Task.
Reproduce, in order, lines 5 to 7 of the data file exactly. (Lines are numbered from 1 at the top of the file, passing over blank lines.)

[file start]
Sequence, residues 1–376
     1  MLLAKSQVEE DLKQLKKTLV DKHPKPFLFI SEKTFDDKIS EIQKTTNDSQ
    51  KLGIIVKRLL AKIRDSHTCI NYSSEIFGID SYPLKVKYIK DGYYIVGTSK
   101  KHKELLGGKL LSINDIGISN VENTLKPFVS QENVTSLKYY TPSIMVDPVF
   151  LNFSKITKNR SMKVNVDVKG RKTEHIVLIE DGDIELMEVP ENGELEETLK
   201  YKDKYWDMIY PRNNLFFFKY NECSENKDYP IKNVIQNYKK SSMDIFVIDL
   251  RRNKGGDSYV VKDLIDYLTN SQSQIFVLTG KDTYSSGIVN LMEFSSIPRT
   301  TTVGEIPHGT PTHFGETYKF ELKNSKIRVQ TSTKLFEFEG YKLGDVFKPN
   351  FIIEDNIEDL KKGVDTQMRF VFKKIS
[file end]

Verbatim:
   151  LNFSKITKNR SMKVNVDVKG RKTEHIVLIE DGDIELMEVP ENGELEETLK
   201  YKDKYWDMIY PRNNLFFFKY NECSENKDYP IKNVIQNYKK SSMDIFVIDL
   251  RRNKGGDSYV VKDLIDYLTN SQSQIFVLTG KDTYSSGIVN LMEFSSIPRT